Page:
by Olivia Fox
My Story: Garage Sale Hunts
10 Garage Sale Shortcuts
It takes four seconds for true yard sale veterans to scan displays from their car and decide to pull over. Yard sales done right are a combination of thrill of the chase, frugal living, and mini classroom. I've been on both sides of the table. These tidbits help even newbies zero in on the winners.
Grab your newspaper and read the ads, looking for words like "multi-family," "moving," "everything must go," "neighborhood," "huge" or "estate." Determine what you're after. If the blurb highlights size 2x women's clothing and elliptical weights, don't go there if you need a floor lamp. Consider location. Developments yield kid's and newer stuff. In older neighborhoods, you'll find older, quirky stuff. In better neighborhoods, there will be better stuff, but be prepared for higher prices.
Get your map. Cluster addresses and make an efficient route. Prioritize sales by their offerings. Go to the most promising descriptions early if possible. If all look equally good, hit the one farthest from home first. Side step remote places, listing things of little interest.
Avoid perpetual garage sales like the plague. The guy is in it for the money and won't drop prices or dicker. Why should he? His ladders are permanently embedded in his front lawn. He can wait it out.
Set an overall budget and determine what you'll spend on specific items. Ten cents on the dollar is fairly standard pricing. A quarter on the dollar is okay if something is extraordinary, like size six boy's pants with intact knees. Books are an exception. Paperbacks usually run between 25 to 50 cents and hardcovers from 50 cents on up.
Depending on what you're after, bring a measuring tape, your kid's measurements, color samples, etc. For longer excursions, carry snacks and a water bottle. Keep a stash of small bills and change in your fanny pack. That saves everybody time. Put a box in your trunk with newspapers to wrap fragile items. Bring bungee cords to hold down bulky items. Dress for comfort.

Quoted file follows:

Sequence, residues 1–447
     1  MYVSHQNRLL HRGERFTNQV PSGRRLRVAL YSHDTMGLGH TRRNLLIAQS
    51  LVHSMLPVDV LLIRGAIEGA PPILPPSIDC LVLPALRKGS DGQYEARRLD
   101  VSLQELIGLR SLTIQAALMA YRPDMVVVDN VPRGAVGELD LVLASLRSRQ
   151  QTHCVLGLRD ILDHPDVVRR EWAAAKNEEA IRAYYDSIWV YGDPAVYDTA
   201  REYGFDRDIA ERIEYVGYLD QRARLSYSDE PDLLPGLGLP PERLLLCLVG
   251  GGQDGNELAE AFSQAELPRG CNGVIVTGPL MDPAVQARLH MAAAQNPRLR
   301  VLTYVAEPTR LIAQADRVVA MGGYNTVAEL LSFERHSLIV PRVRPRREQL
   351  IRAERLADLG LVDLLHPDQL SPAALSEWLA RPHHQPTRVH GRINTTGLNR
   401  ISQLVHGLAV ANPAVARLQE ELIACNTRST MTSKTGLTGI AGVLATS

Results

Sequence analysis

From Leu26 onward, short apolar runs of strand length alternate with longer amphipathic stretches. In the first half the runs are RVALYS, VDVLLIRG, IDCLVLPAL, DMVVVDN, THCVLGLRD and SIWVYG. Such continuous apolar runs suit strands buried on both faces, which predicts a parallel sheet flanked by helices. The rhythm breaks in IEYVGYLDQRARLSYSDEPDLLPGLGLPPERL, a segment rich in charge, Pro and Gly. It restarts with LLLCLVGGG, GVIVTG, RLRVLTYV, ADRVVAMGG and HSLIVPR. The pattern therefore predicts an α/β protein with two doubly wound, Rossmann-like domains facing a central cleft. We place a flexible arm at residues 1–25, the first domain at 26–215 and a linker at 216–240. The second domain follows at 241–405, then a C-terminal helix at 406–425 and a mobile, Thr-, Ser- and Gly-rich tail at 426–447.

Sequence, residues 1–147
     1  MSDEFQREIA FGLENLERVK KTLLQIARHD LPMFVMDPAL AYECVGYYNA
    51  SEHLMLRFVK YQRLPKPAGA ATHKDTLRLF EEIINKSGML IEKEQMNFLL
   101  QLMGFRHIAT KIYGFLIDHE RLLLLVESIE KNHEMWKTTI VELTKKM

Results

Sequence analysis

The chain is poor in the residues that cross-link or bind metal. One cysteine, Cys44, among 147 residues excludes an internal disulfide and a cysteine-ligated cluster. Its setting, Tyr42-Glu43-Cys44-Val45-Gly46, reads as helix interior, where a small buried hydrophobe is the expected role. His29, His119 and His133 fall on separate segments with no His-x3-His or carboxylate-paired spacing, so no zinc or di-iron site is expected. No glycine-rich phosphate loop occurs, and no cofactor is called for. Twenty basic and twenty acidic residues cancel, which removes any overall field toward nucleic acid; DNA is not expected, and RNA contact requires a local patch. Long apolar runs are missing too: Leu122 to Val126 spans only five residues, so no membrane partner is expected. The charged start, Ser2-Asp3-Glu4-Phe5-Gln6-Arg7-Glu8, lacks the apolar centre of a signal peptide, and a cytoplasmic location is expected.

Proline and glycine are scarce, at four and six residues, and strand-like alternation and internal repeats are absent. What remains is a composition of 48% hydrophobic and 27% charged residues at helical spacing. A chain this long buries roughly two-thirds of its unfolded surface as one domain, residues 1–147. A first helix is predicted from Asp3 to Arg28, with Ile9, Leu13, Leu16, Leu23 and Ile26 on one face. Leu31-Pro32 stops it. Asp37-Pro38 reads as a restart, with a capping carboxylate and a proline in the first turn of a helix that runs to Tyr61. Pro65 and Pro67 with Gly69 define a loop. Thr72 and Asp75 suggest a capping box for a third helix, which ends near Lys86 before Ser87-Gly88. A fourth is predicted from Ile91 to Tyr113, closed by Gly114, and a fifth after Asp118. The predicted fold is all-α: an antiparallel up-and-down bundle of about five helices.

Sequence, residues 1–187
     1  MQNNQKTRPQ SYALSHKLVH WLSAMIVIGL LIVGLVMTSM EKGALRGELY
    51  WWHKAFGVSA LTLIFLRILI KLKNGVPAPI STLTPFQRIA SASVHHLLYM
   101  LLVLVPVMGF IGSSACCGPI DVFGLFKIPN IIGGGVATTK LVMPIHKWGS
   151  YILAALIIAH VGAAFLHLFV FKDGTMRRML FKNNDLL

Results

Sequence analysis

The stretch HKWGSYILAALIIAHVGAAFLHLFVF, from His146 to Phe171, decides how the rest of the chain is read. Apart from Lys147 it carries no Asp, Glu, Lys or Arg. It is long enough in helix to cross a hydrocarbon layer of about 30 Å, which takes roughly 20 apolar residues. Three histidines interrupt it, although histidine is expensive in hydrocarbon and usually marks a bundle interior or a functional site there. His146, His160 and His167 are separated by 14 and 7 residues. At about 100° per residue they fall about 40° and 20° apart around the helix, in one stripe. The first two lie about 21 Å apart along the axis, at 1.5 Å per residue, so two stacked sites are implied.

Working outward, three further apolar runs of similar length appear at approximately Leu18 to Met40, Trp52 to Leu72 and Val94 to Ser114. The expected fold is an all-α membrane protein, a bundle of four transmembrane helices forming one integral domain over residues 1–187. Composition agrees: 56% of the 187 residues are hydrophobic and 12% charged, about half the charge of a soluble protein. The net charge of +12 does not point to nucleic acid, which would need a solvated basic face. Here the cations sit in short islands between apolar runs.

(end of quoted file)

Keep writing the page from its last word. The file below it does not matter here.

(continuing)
When you arrive, greet the seller. Engage your mind. If you see men's suits, and are making a crazy quilt from neckties, ask if they have them. If there are plants or things that interest you, talk to the seller. They have expertise you could learn from. Enjoy people. Making their day pleasant is part of the experience.
If you're not sure you want something, carry it with you as you scope out the sale. Double check items before you actually purchase them. There are no double your money back guarantees.
Remember etiquette. Don't argue. Don't demean the merchandise. Don't leave the place a mess, but tidy as you go. If you feel something is overpriced, or if your budget is tight, make an offer. If the seller says no, that's okay. Thank them and move on. If they counter offer, consider it. If the price is still too high and you wouldn't mind coming back, give them your number and say, "If it doesn't sell, and you're interested in what I can offer, get in touch."
Have fun! Garage sales are an adventure.
Take the Next Step:
- For more on shopping at garage sales, visit The Dollar Stretcher library.
- Share your thoughts about this article with the editor.
Prices keep rising while my income remains stagnant and I worry I am heading for debt trouble. Tell us: Yes, I think I am heading for debt trouble and could use some help! or No, I am not in debt trouble but I am always looking for new ways to help keep my budget on track!
More Money-Saving Lifestyle Tips
- Best September bargains for thrifty shoppers
- 4 steps to a simpler (and more frugal) life
- 6 tips for a fabulously free vacation
- Secrets to living luxuriously for less
- Money-saving secrets of the rich and frugal
- 4 secrets to being a frugal foodie
- Should I sell my phone or trade it in?
- How to get more from the stores you shop at
- Mastering the mess for less
- This week's Readers' Tips